Now, there are many ways they could undermine the American republic, but three main ones. First, ending all investigations seeking to hold Trump accountable for the January 6th insurrection. Second, preventing the passing of much needed legitimate voting reform. And, third, using their role in the electoral college to reject election results they don’t like in the next Presidential election. If that were to happen — and all of their behavior dictates that that is the plan — whatever semblance of a functioning republic we have left will cease to exist. So that’s one huge thing you can and should vote for: continuing to live in a republic.
Moreover, voting is a reflection of the type of person you are and who you want to be. Voting provides the incredibly rare opportunity for you to put out into the real world what it is you believe in and what you believe your country should stand for. This may sound purely symbolic, and, I concede, it largely is. But it is not meaningless. In fact, the act of voting is overflowing with meaning as an act of human dignity and freedom. For, when examined in the scope of the totality of human history characterized by more oppression and strife than not, what can be more meaningful than putting on paper what you believe your government should be like and then handing your opinion to that government without fear of consequence? What can be more meaningful than stating what kind of person you are, what kind of nation you want to live in and what direction you want it to move in? Because that is what voting does. And that is a solemn privilege.
Indeed, it is a solemn privilege that you owe not only to your neighbors but to the entire world to fulfill. Because make no mistake, the world is watching us. As Americans, we take far too lightly our standing in the world. John Winthrop, the founder of the Massachusetts Bay Colony in 1630, wrote that we are to be “a city on a hill. The eyes of all people are upon us.” And so we have come to be the most powerful nation the world has ever known. And in doing so, with all of our many flaws, have taken our seat as the leader of the free world. But with that immense power and influence comes immense obligation and responsibility. And with the Republican party’s active destruction of our republic, wavering support of Ukraine, discussions of withdrawing from NATO, and embracing authoritarian regimes, we are on the verge of abdicating our position as the world power and handing that distinction to Russia or, more likely, China.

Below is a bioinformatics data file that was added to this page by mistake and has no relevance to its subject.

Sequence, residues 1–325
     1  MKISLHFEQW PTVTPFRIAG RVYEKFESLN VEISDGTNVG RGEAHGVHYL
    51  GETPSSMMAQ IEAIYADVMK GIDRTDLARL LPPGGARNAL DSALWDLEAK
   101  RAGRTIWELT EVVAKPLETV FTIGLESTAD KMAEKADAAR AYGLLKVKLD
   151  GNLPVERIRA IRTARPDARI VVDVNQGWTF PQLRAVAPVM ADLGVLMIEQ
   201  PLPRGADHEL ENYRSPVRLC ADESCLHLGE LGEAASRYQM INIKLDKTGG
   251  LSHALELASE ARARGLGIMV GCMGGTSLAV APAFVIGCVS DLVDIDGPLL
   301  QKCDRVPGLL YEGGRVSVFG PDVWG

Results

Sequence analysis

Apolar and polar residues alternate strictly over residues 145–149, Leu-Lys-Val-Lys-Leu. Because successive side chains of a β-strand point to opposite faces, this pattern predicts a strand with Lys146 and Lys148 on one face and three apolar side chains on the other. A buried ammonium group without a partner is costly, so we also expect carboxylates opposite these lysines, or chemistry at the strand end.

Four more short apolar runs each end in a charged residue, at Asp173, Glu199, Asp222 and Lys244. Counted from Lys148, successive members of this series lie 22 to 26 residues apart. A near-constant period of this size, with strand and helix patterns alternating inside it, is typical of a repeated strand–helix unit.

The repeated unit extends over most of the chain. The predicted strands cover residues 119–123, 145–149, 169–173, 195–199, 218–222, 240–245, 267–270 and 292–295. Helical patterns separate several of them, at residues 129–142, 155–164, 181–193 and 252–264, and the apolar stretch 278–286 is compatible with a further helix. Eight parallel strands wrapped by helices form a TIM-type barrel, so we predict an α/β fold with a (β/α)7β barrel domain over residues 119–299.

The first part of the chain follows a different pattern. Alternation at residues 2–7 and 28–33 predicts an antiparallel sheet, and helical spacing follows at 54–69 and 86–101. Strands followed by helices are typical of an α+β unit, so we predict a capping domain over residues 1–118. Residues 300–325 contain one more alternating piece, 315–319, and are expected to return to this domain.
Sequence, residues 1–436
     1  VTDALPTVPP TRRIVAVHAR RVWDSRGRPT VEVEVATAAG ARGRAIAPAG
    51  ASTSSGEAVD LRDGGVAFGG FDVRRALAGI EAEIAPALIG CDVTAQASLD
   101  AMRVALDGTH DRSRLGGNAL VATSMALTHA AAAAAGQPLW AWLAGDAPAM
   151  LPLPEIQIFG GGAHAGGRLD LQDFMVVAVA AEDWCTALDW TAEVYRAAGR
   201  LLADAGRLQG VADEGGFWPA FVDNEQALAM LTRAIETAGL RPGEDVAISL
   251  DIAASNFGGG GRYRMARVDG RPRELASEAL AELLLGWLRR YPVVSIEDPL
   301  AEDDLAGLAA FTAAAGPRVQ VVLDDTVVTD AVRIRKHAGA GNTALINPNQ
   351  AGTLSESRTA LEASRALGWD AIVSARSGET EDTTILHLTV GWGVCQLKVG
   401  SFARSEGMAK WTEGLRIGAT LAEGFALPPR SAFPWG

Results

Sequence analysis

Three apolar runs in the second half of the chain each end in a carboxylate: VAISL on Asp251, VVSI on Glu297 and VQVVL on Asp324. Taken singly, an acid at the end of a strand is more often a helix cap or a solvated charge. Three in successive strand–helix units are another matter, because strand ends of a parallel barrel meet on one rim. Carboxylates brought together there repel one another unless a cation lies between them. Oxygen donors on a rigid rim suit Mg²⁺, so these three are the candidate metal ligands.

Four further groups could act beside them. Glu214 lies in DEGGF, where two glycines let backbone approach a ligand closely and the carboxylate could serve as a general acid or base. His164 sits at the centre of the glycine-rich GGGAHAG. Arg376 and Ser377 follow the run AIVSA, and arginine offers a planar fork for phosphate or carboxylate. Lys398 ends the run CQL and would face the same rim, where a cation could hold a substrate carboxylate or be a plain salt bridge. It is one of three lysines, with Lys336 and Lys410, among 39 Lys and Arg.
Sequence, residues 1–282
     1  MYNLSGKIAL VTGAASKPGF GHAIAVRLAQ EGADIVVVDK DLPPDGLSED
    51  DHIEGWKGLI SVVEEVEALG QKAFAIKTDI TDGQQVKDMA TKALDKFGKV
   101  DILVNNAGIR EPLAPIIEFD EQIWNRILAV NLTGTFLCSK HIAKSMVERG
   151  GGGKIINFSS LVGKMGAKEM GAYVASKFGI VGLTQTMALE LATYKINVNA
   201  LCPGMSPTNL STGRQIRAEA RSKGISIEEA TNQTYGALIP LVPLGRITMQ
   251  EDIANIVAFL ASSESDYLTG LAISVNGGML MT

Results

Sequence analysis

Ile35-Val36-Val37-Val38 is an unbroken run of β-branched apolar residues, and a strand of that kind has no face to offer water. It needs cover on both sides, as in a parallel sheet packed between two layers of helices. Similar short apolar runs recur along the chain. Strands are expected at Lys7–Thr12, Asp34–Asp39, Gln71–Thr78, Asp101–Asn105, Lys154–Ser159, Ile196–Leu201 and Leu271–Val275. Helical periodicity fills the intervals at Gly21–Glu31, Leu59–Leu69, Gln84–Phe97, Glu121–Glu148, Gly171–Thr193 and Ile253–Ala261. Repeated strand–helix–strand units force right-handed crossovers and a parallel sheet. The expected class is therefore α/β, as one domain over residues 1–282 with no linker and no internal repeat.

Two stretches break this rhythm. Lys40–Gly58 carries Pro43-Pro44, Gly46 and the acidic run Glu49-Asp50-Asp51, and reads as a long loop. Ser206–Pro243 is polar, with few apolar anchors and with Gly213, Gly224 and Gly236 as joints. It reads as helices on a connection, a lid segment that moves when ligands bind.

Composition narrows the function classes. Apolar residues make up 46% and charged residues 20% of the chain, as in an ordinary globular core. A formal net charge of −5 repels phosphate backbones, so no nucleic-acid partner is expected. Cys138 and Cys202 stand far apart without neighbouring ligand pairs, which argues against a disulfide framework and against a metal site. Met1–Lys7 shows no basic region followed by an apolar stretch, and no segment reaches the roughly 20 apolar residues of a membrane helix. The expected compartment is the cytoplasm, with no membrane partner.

Indeed, it was on the evening of the tipping point of the genesis of America’s role as the world power, D-Day, that Dwight Eisenhower told American soldiers, “the eyes of the world are upon you.” Years earlier, after the evacuation at Dunkirk, Churchill told Britain and the world to hold on until “The New World, with all its power and might, steps forth to the rescue and the liberation of the old.” And that we did. After defeating the NAZIs, America became what the Romans called themselves, caput mundi, “the head of the world.” From then until now, what we do affects the entire world.
That is why, as Americans, despite whatever frustrations or resentments we have with the Democratic party or politics as a whole, we are morally obliged to vote. Because who are you, who are any of us, to refuse the opportunity given to us by chance to definitively state what kind of nation we want to be and what direction we want the world to move in?
The eyes of the world are upon us.